ATOMAA featured in publication “EMERGING EUROPEAN PRACTICES” by New Generations
Madrid, SP

Alvaro Siza teaches us:

"Architects don't invent anything; they transform reality"

The first steps
We started off in university with a field trip to Brno, which led to countless beers and talks about what we'd like to be when we grow up. Then from a basement space with ping pong tables and Casabella, after long nights of collaboration and brainstorming, we would work tirelessly on our master thesis. At some point, along came the diaspora: the 'Foz do Douro; the ancient theatre of Epidaurus the Atacama Desert; in the time left over we did some competitions too. This was followed by a number of apprenticeships: at Chipperfield Archi-tects, Onsitestudio, and time spent doing research , at the Polytechnic University of Milan. After all that, on one night, upholding a 15 years long tradition of drinking a beer together, the decision to try to do it all together was born; and so began ATOMAA.

Honouring the unexpected
In one of our projects a renovation of an old apartment, on removal of the wooden floor, a rugged yet beautiful configuration was revealed: underneath, alter decades of being hidden trom sight, was an irregular layout complete in itself, forgotten even by those who had produced it long before. The image of the original floor substructure which was laid in an apparently casual yet effective manner highlights the work of a local artisan in which the hand of a man seemed to be the only rule. We then decided to honour that forgotten gesture by bringing it back to life and representing it in the new concrete floor. The idea was immediately loved by the client and we were allowed to create a very unique floor.

Keeping calm and a healthy balance
We try to maintain a balance between our work and private lives. We try to keep the studio closed on weekends and we also encourage our colleagues and collaborators to follow a good hourly balance. We believe that the things we learn simply by living are just as useful for design as the time spent in the studio. You will never be able to design a good kitchen if you do not know how to cook a good dish. Even if the organisation of time in contemporary project processes is often frenetic, we practice the 'Resistenza': we take the time to discuss ongoing projects in a slow and calm manner and then make calculated decisions and even work by hand. We build models to study details; we use freehand sketches to help us reason and develop ideas; we use mood boards of real material samples, which is simply irreplaceable. Group discussions during what we call, 'project workshops', allow us to come together and to present ideas around a table and this has formed the essence of the ATOMAA design process.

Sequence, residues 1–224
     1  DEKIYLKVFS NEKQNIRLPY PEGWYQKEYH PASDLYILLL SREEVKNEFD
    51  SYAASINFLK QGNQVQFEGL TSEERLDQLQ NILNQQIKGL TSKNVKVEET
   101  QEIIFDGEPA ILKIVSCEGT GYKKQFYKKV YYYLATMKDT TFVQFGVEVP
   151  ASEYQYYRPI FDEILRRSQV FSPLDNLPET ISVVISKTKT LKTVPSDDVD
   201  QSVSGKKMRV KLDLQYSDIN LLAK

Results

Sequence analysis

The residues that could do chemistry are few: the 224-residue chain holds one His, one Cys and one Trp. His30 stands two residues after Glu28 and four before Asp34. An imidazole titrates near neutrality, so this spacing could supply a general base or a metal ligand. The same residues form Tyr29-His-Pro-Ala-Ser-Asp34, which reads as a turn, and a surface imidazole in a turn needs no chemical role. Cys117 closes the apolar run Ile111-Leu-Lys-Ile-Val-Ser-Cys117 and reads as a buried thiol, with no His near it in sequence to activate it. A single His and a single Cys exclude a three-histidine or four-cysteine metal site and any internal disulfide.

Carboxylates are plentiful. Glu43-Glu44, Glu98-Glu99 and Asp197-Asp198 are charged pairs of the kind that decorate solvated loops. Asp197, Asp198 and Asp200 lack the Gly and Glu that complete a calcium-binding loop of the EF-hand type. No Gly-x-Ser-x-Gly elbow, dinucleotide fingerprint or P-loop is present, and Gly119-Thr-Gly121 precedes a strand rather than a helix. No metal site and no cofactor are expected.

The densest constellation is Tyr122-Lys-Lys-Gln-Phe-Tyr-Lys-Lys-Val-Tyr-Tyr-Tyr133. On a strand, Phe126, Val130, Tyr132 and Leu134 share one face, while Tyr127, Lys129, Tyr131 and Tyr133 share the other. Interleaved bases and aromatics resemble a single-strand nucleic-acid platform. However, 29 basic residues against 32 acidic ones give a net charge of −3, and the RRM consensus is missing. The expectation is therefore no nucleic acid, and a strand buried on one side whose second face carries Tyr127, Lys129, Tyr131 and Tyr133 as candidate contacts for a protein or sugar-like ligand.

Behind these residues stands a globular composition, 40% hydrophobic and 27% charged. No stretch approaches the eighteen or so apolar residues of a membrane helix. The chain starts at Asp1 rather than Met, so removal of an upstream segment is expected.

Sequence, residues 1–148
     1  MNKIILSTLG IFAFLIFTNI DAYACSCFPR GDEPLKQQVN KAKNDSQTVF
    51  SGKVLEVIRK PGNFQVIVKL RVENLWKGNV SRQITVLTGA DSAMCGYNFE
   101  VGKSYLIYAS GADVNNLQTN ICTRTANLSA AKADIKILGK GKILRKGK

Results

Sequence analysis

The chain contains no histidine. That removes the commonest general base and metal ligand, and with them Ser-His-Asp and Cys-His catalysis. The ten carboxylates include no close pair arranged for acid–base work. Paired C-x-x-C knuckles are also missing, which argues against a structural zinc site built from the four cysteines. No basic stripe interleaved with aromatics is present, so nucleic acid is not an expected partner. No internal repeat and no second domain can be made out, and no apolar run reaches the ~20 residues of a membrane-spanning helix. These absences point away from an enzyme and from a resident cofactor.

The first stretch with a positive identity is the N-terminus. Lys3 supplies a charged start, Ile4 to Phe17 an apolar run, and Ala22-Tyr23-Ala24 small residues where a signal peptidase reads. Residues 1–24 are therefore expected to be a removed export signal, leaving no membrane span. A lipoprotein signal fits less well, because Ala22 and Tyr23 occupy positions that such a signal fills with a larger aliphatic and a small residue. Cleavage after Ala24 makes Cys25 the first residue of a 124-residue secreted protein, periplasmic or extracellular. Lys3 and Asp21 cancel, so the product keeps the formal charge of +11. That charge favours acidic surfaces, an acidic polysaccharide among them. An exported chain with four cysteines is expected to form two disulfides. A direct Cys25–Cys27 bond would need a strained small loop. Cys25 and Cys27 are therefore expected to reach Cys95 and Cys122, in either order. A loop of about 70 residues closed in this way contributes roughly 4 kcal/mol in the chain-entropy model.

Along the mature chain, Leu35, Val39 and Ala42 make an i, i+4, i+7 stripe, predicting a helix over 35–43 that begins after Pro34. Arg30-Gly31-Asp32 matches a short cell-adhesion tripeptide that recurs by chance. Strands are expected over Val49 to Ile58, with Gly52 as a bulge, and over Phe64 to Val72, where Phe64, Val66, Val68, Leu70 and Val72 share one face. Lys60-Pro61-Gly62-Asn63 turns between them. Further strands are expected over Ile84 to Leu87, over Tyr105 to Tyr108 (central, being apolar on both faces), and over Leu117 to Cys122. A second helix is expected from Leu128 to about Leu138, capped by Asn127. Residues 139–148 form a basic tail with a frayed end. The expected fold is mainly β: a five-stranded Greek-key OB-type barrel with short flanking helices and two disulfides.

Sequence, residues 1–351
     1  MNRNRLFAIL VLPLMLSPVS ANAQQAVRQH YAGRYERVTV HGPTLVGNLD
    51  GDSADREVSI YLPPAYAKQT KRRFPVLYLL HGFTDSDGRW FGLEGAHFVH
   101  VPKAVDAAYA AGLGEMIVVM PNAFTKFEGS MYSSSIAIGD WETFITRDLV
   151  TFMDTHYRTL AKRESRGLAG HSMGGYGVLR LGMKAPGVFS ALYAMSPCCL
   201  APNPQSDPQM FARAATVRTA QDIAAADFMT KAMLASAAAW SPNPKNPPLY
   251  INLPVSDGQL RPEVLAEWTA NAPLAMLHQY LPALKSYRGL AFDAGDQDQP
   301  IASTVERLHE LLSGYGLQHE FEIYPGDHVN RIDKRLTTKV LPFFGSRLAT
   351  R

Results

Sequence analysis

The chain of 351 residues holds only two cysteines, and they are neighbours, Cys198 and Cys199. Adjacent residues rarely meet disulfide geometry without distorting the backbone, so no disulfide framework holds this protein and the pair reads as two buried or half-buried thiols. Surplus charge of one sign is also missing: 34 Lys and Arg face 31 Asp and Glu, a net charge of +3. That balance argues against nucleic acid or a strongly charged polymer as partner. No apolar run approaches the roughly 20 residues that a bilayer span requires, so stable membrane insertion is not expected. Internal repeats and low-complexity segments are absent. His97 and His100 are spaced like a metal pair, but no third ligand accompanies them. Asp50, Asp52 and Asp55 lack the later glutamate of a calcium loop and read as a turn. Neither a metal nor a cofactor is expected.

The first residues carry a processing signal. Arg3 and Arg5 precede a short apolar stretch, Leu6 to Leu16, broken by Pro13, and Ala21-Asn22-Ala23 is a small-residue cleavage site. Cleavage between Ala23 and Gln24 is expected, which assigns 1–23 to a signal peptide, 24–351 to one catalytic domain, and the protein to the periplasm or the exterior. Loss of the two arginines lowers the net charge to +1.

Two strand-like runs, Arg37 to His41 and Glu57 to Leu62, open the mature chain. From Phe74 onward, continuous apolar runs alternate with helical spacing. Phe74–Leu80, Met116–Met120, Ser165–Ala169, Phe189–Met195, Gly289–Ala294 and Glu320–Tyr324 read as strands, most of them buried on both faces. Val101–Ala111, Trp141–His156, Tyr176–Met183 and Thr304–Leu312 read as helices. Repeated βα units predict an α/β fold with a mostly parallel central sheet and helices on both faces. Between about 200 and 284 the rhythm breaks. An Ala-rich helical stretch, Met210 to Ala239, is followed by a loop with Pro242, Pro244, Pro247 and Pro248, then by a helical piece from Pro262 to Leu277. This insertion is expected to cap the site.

Dual office
We have just moved into a new workspace in Milan in an area called Nolo, one of the new design districts of the city. Our office, situated on the ground floor, has two display windows onto the street which connect us with the world passing by, while the back of the office opens onto an internal courtyard, a silent and lush urban oasis which blooms in spring. On the ground floor we have an operational open space with two collective work tables, a small table for on-the-go project reviews, and a relaxation area. In the lower level, under a beautiful brick vaulted ceiling, we have both a more private room suitable for the rather meditative moments as well as for daily meetings with our Edinburgh office. We also have a dedicated workshop for building models and sample processing.

The collective act of building
Of course, we too graduated with the desire to make big buildings (our 3 theses were a library, a museum, and a skyscraper). Currently we are working on domestic architecture, interior spaces and small houses. We almost always work in pre-existing contexts and ancient buildings in the centre of Milan, as well as in rural contexts in the Alps, or in central Italy. Over time, common aspects have emerged in our creative process: one of these, perhaps the main one, is an aversion to the 'tabula rasa'. We believe in the importance of buildings, rather than projecting great competition just as a study of ideas. We believe in learning by doing, respecting the people who are committed to the great collective process of building and to further enhance the materials with which we build.

Understanding our place
Design is not a purpose but rather a means which has the pursuit of happiness as its goal. At a time when this right is accepted and expressed by more and more people, a stance on the use of this gift (material and human) is unavoidable. Here is ours: we understood that the answer may not necessarily come from "invention" (for example the latest synthetic material, designed for a super performance) but rather from reinterpretation, reuse and transformation. The idea behind this mode of operation is that of reducing "waste" (which often has to do with attributing the value we give to things).

Thus, our research on micro-living has, at its heart, the reduction of wasted space, and it's better used where it has already been transformed i.e., the city centre in which it sits. The past instils in us a fascination equal to that of the future: it is basically a treasure chest of brilliant solutions to very practical questions once posed, in a world in which producing (and consuming) energy was less easy.

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